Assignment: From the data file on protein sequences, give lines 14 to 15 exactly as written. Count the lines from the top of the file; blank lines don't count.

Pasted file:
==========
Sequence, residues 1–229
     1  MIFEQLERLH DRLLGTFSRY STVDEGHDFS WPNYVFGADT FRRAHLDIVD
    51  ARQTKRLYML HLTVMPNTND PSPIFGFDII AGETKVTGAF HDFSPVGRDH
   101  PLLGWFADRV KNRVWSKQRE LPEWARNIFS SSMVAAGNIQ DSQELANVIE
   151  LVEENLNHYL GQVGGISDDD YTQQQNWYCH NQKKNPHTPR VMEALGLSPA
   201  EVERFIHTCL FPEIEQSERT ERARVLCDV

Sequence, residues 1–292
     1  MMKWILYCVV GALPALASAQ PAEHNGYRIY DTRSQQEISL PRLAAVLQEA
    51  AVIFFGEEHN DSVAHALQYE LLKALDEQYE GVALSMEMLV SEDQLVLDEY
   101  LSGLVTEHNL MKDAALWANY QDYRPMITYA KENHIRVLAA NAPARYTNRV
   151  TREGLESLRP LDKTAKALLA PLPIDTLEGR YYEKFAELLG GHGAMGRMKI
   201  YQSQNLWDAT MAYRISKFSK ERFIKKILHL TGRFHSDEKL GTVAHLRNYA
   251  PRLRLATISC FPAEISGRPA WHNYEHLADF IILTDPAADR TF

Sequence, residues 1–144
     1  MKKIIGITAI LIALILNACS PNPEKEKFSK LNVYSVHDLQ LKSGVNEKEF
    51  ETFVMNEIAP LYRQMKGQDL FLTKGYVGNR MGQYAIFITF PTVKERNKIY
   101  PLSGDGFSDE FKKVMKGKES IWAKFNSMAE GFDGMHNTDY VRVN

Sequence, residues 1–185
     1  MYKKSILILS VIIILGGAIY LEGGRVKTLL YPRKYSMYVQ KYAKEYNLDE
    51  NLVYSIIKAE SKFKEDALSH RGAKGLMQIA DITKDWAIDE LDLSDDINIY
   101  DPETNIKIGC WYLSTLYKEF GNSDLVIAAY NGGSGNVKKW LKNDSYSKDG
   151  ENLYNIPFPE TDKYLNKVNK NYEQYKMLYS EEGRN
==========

Sequence, residues 1–144
     1  MKKIIGITAI LIALILNACS PNPEKEKFSK LNVYSVHDLQ LKSGVNEKEF